The nation’s biggest-selling regional daily is trialling an innovation which transforms printed photographs into videos in its newspaper.
The Express & Star, Wolverhampton, is experimenting with augmented reality technology, which enables smartphone users to turn newspaper photos into moving images on its pages.
Now the E&S has featured augmented reality in a piece on fashion designer and illustrator Elizabeth Ilsley which was run to celebrate 100 Masters, a campaign to promote artists and creative people from the Black Country.
When viewed through a special app on a smartphone, readers were able to see interactive animations which appeared over the page.
Deputy editor Diane Davies said: “We were initially introduced to the idea of augmented reality at the end of last year by Creative Black Country who we work closely with regarding coverage of the arts in the region.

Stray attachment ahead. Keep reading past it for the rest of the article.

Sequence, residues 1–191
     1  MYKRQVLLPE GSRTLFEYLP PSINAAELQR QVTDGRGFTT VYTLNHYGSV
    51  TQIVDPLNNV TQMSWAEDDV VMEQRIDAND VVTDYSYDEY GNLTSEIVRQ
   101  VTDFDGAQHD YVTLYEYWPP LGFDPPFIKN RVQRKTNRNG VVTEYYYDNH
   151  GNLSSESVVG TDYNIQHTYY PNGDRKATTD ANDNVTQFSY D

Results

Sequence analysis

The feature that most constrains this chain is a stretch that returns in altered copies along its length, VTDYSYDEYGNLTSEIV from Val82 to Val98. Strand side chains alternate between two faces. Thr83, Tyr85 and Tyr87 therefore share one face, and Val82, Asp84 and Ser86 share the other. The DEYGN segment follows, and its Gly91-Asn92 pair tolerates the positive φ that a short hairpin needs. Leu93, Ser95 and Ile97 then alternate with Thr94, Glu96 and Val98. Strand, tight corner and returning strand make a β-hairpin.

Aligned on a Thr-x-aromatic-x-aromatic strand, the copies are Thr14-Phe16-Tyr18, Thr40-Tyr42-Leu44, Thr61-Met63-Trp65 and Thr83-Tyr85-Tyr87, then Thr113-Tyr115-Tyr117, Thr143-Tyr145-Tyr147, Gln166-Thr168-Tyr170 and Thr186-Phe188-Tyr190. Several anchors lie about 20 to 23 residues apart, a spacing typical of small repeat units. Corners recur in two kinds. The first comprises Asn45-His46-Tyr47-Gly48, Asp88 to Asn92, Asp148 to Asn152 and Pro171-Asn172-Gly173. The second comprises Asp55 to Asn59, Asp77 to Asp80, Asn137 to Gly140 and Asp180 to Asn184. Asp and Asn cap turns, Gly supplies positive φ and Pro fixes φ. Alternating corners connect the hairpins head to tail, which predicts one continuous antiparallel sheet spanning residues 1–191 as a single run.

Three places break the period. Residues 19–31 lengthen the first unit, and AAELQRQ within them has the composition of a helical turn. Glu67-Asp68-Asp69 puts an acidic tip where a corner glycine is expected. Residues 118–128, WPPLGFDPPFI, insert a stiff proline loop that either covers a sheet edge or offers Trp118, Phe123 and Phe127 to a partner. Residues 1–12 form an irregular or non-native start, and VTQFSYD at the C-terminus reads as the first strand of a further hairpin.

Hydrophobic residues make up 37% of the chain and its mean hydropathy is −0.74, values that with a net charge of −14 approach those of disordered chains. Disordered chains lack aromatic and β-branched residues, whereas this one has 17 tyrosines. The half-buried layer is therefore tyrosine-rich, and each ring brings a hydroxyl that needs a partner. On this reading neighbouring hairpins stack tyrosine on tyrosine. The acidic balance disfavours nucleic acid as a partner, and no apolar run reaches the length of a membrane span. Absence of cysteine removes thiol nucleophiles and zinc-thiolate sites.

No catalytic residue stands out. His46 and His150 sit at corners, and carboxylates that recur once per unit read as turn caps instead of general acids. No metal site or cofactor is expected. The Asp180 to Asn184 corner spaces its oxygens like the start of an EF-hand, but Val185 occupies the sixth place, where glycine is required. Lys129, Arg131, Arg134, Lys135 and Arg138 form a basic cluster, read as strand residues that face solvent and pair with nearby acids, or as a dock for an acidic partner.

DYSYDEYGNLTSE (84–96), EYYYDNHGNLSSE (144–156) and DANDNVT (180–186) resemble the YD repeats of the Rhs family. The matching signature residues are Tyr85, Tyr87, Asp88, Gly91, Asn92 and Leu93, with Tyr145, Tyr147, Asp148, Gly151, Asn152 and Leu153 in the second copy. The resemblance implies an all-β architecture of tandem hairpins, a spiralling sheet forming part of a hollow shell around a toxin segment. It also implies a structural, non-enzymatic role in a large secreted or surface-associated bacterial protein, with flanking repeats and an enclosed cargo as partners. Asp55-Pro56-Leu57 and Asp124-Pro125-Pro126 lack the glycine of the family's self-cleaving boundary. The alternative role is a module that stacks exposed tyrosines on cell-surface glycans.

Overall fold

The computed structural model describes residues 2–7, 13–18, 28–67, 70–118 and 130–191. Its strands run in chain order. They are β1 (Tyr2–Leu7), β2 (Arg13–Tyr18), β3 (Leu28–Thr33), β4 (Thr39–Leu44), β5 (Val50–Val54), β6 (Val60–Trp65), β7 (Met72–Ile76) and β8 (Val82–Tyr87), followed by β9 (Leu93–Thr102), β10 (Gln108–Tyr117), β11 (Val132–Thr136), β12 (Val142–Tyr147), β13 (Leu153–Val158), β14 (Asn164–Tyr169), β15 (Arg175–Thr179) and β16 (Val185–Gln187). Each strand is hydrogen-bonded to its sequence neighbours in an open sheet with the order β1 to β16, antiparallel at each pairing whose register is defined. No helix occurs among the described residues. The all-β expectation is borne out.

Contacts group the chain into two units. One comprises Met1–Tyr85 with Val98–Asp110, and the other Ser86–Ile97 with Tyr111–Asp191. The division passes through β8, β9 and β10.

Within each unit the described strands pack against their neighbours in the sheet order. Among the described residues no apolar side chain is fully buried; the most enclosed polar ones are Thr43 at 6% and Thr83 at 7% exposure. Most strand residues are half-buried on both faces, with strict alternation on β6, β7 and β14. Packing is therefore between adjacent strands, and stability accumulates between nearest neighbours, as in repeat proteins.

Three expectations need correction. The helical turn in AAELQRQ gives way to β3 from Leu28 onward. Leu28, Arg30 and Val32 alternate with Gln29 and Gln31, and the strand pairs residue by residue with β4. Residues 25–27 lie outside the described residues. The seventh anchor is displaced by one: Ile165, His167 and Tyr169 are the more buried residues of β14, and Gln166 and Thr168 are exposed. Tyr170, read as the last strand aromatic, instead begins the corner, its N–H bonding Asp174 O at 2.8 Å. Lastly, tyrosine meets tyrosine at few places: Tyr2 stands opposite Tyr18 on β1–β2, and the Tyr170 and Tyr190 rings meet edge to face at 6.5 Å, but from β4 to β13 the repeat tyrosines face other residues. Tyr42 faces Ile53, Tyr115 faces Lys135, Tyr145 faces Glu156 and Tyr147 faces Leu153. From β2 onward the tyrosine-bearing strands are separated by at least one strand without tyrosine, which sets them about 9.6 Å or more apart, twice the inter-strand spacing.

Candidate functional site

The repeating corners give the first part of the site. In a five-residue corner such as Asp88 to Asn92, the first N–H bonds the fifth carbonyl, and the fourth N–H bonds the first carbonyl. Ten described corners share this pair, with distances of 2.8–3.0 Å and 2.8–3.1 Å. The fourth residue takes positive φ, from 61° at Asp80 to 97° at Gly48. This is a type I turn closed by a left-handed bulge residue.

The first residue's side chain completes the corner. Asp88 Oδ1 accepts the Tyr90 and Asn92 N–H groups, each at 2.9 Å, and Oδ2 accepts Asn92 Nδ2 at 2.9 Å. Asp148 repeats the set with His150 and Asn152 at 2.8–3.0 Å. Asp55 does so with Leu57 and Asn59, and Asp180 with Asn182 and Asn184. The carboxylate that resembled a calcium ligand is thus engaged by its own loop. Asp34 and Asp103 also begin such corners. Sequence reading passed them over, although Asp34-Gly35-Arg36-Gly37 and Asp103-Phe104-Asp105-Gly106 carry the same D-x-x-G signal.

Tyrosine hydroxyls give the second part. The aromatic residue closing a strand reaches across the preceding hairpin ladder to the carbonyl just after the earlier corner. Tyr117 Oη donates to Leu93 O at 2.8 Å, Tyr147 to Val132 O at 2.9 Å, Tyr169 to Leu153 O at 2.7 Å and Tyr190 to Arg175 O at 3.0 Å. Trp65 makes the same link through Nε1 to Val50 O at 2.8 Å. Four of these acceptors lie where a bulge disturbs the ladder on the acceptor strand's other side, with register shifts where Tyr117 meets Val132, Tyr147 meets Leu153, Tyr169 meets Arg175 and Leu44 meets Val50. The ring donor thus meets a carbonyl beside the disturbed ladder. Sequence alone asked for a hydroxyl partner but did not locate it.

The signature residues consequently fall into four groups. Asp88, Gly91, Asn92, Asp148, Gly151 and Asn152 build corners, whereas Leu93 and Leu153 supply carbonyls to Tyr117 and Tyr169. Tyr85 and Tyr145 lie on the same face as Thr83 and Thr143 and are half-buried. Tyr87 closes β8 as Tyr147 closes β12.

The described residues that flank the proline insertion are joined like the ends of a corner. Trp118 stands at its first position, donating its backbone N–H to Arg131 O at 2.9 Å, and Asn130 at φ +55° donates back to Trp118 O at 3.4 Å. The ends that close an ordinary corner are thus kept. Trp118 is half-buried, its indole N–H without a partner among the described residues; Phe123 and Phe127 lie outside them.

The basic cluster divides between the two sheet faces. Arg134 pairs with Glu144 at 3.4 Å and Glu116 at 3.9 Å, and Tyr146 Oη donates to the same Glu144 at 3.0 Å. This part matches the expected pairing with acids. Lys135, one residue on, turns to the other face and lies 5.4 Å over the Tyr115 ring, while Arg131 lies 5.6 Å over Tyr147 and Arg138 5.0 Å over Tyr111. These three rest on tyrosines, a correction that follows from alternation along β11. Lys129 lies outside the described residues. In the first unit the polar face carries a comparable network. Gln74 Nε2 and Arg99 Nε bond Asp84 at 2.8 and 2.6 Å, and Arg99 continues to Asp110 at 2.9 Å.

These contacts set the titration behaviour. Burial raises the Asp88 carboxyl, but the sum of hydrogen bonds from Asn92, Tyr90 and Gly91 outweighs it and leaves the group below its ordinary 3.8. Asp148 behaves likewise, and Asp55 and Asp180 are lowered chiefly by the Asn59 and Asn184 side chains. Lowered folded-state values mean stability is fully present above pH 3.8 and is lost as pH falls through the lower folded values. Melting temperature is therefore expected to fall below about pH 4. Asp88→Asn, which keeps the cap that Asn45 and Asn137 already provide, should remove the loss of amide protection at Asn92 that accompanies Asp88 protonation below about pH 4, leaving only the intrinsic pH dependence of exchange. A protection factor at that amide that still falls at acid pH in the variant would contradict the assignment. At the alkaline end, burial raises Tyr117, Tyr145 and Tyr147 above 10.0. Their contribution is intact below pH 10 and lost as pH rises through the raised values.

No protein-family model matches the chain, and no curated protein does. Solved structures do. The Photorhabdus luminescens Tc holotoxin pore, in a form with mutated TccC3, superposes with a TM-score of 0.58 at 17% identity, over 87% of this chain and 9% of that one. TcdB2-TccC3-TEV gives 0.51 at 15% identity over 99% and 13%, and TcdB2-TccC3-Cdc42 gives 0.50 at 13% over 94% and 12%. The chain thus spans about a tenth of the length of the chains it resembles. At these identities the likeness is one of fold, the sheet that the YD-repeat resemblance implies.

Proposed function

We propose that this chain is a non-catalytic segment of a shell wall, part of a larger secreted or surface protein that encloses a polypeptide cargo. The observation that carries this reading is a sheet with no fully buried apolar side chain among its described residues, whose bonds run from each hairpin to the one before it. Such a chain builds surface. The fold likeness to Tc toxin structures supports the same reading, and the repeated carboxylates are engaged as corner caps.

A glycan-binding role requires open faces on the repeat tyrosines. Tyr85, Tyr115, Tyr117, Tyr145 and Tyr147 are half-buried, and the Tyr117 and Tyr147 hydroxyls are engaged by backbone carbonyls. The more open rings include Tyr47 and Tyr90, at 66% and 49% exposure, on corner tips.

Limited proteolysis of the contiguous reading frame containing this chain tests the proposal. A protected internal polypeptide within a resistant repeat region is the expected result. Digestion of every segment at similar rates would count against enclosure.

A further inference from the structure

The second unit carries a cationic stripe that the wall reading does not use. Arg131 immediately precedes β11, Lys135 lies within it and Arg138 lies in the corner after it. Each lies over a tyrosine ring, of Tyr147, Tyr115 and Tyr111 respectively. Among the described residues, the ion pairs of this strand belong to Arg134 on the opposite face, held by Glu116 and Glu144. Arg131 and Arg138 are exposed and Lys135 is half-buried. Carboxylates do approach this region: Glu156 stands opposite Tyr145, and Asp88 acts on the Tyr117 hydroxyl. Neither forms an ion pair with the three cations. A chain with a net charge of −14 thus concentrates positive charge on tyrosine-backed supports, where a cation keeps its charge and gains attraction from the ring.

“They asked us to publicise the 100 Masters campaign, which we were happy to do, and then demonstrated augmented reality to myself and digital editor Mike Woods asking whether we would be interested in trialling it in the Express & Star as part of the 100 Masters project.
“We jumped at the idea. The thought of additional content jumping out of our pages was very exciting.”
The innovation has been compared to fictional newspaper ‘The Daily Prophet’, found in the Harry Potter series of books and films, which is read by wizards and features moving images instead of still pictures.
E&S reporter Doug Wootton is coordinating the paper’s 100 Masters editorial coverage and has worked closely with the developers on the project.
Liam Smyth, 100 Masters creative producer, said: “This is an exciting first, as we have worked in collaboration with the Express & Star, the country’s biggest regional newspaper, to bring artwork into thousands of households across the West Midlands.
“This is what the future of media looks like and, as ever, the Black Country are leading the way in revolutionising the way we make, see and do things.”
In December 2014, the Newbury Weekly News was thought to have been the first regional paper to pioneer the technology when it experimented with a 3D Father Christmas feature.